Seattle Initiative 124 would extend new protections to hotel housekeepers and other workers. Opponents say its chief aim is to build union membership.

Share story

Dwarfed by Hillary and The Donald and overshadowed by a gubernatorial race and several high-profile measures, Seattle Initiative 124 won’t be the section most voters complete first on the Nov. 8 ballot.

But the initiative — which would give new rights and benefits to hotel housekeepers — is getting plenty of attention from those workers, their employers and labor leaders.

The measure would require hotels to provide housekeepers with panic buttons, track guests accused of harassment, limit housekeeper workloads, help thousands of low-wage employees pay for health care and retain workers during ownership transfers, among other things.

The Unite Here! Local 8 hospitality-workers union, which wrote and advanced I-124, argues the measure would protect a workforce of mostly immigrant women from sexual harassment and on-the-job injuries while helping them better provide for their families.

Most Read Stories

Unlimited Digital Access. $1 for 4 weeks.

“There’s a growing recognition that women working in isolation, especially immigrant women, are at incredible risk for sexual harassment and sexual assault,” said Abby Lawlor, Local 8 spokeswoman, describing the panic-button requirement as one provision among many in I-124’s “holistic” approach to helping housekeepers.

“You may have a panic button, but if you’re rushing every day to complete your room quota, that’s not safe. That’s not healthy,” she said. “If you don’t have health insurance at the end of the day for yourself and your family, that’s not safe. That’s not healthy.”

Opponents say I-124 is a complicated and unhelpful measure, and claim Local 8’s main aim is to make business more difficult for non-unionized hotels in Seattle.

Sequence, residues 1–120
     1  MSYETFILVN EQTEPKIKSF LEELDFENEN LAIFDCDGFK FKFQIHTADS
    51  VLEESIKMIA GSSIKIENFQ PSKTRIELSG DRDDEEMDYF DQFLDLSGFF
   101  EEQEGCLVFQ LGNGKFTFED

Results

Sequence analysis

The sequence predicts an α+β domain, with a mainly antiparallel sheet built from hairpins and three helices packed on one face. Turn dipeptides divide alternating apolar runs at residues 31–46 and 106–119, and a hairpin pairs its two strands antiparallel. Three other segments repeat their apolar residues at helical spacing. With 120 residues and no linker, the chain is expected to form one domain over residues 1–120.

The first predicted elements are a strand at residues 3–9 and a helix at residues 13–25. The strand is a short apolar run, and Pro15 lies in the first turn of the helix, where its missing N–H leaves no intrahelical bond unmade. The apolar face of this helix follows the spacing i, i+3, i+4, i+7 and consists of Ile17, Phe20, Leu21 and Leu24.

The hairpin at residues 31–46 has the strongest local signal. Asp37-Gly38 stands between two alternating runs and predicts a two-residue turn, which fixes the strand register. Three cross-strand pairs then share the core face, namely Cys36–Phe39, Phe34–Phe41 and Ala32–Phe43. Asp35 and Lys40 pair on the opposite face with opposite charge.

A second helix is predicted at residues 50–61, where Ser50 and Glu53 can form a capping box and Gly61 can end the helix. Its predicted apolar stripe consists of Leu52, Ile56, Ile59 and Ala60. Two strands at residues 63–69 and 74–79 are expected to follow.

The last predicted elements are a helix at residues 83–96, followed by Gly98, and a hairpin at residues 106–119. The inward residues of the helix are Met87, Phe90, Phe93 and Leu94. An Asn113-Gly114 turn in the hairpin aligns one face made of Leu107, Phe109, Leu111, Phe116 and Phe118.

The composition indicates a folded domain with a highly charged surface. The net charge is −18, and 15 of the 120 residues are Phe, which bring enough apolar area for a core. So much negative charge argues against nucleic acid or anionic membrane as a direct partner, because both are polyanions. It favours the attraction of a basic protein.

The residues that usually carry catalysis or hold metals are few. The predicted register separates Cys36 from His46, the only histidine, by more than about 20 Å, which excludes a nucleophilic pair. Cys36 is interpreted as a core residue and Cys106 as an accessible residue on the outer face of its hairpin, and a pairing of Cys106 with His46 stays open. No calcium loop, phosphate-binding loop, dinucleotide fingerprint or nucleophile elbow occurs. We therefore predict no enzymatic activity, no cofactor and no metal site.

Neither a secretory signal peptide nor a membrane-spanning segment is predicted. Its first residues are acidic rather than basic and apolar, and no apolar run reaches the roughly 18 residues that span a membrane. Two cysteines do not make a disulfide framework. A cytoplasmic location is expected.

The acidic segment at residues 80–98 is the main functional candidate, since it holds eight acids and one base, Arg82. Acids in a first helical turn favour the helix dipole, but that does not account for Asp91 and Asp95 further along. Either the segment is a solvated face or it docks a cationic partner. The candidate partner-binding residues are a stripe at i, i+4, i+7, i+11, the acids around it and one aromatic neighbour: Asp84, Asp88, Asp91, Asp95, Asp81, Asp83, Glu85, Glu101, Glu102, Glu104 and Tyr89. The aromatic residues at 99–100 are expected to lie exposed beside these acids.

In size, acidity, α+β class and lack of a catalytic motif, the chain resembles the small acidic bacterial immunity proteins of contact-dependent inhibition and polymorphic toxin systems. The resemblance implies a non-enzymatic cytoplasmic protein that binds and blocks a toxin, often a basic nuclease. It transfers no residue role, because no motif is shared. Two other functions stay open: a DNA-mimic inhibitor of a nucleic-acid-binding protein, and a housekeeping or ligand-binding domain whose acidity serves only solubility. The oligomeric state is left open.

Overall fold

Only 17 percent of the city’s hotel workers are unionized, according to Local 8.

The foes of the initiative say a provision requiring hotels to keep a list of accused guests could spawn legal problems, and note that other provisions could be waived by union workers.

“This initiative was written for headlines — to pull at heartstrings and paint us as horrible employers,” said Jenne Oxford, Seattle Hotel Association president.

“We don’t oppose the themes at all. We just oppose the way the initiative was written by (Local 8). Their goal isn’t to protect employees. It’s to drive union membership.”

Survey findings

Seattle Protects Women, the campaign for I-124, reports raising more than $400,000.

Local 8 has given $240,000, while a Martin Luther King County Labor Council group, United Food and Commercial Workers Union Local 31 and numerous other unions also have donated.

Much of the money helped pay signature gathers to get I-124 on the ballot over the summer.

The opposing campaign, the Committee for Equal Application of Laws, has raised more than $258,000.

Top contributors include the American Hotel and Lodging Association, Washington Lodging Association, Washington Restaurant Association and many Seattle hotels.